earth,” they said, and they had to guard it. And the birds came and
a coffin made out of glass, so wept for Snow White, first an owl,
that she could be seen from all then a raven, and then a dove.
sides, and they put her into it and
but nothing helped; the wrote her name in gold letters on
dear child was dead, and the coffin, adding that she was a
dead she remained. king’s daughter.
Snow White lay in her coffin for years
and years. She didn’t rot, but continued
to look as if she were asleep, for she was
still as white as snow, as red as blood,
and as black as ebony.

came to that forest and stopped

for the night at the dwarfs’ house.
He saw the coffin on the hilltop,
he saw lovely Snow White inside
it, and he read the gold letters on
the coffin. He said to the dwarfs:
“Let me have that coffin, I’ll pay
you as much as you life for it.” But
the dwarfs replied: “We wouldn’t
part with it for all the money in
the world.” “Then give it to me,”
he said, “for I can’t go on living
unless I look at Snow White. I will
honor and cherish her forever.”
Then the dwarfs took pity on him and
gave him the coffin. The prince’s ser-
vants hoisted it up on their shoulders
and as they were carrying it away

The jolt shook the poisoned core,

which Snow White had bitten off,

and soon she opened her eyes, lifted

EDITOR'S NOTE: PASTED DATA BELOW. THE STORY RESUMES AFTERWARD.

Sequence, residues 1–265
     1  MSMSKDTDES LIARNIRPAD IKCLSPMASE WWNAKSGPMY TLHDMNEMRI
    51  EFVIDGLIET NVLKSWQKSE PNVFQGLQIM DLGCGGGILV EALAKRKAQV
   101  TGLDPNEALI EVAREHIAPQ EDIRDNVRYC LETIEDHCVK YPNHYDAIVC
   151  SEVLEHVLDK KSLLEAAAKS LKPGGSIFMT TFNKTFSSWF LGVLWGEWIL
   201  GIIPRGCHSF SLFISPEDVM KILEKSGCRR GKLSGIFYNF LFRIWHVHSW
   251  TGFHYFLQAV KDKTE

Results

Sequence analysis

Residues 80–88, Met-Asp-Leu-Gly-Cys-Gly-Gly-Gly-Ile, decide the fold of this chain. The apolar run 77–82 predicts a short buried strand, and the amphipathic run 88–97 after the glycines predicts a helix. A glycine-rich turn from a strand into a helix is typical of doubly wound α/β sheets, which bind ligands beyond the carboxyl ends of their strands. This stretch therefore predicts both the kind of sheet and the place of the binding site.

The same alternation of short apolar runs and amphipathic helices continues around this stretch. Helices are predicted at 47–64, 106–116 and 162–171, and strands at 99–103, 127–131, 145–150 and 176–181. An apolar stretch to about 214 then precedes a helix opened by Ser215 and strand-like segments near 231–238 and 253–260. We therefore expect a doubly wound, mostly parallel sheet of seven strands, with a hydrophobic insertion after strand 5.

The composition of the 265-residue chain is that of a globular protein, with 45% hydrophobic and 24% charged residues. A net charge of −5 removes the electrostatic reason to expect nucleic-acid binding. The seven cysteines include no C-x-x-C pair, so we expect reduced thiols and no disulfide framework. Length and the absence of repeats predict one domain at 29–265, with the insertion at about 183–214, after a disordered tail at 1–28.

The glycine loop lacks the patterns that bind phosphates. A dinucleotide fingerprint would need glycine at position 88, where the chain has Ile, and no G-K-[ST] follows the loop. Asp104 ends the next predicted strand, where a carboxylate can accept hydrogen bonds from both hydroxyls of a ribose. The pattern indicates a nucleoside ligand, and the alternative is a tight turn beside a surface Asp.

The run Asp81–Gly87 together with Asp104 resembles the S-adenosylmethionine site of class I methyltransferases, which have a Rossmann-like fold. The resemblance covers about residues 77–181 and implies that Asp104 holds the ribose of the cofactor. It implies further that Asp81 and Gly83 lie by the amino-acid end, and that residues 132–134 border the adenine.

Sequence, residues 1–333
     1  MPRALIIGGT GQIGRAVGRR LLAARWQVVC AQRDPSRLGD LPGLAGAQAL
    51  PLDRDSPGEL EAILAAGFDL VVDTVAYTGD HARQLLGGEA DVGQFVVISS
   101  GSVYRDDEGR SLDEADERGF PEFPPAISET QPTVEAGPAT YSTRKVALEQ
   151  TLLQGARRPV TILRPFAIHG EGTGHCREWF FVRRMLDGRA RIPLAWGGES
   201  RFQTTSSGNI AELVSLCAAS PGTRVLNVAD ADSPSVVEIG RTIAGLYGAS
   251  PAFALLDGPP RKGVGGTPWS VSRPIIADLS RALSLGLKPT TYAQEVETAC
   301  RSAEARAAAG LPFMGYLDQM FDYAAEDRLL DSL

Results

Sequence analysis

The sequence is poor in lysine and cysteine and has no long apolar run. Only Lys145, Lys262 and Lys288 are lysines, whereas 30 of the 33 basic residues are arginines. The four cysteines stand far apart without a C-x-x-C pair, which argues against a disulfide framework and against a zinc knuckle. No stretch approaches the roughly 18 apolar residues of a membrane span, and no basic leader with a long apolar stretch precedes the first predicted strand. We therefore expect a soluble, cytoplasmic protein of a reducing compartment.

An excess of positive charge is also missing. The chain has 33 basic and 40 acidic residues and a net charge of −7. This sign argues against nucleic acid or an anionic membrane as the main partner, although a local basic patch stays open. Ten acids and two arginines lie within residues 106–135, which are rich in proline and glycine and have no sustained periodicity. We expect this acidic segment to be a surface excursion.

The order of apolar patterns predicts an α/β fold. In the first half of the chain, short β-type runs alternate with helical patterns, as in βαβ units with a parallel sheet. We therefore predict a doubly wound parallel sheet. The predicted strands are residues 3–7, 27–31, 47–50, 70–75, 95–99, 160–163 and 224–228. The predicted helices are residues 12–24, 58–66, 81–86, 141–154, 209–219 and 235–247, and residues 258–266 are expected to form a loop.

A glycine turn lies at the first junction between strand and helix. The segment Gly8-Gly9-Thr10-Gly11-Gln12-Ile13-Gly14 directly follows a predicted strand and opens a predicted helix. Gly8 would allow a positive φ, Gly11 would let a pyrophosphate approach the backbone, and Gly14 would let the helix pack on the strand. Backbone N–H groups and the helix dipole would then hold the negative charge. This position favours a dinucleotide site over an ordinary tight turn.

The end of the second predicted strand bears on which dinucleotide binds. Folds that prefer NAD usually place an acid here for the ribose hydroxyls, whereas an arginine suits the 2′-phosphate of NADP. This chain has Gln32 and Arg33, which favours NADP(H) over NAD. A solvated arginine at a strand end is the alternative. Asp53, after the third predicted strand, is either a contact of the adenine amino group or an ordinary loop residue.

the coffin lid, sat up, and was alive
again. “Oh!” she cried. “Where am I?”
“With me!” the prince answered joy-
fully. Then he told her what had hap-
pened and said: “I love you more than
anything in the world; come with me
to my father’s castle and be my wife.”
Snow White loved him and went with
him, and arrangements were made for
a splendid wedding feast.
Snow White’s wicked stepmother was
among those invited to the wedding.
When she had put on her fine clothes,
she went to her mirror
and said:

At that the wicked woman spat out a

curse. She was so horrorstricken she
didn’t know what to do. At first she
didn’t want to go to the wedding, but
then she couldn’t resist; she just had to
go and see the young queen.
The moment she entered the hall she
recognized Snow White, and she was
so terrified that she just stood there
and couldn’t move.

Someone took them out with a pair of

tongs and set them down in front of her.
She was forced to step into the red-hot
shoes and dance till she fell to the floor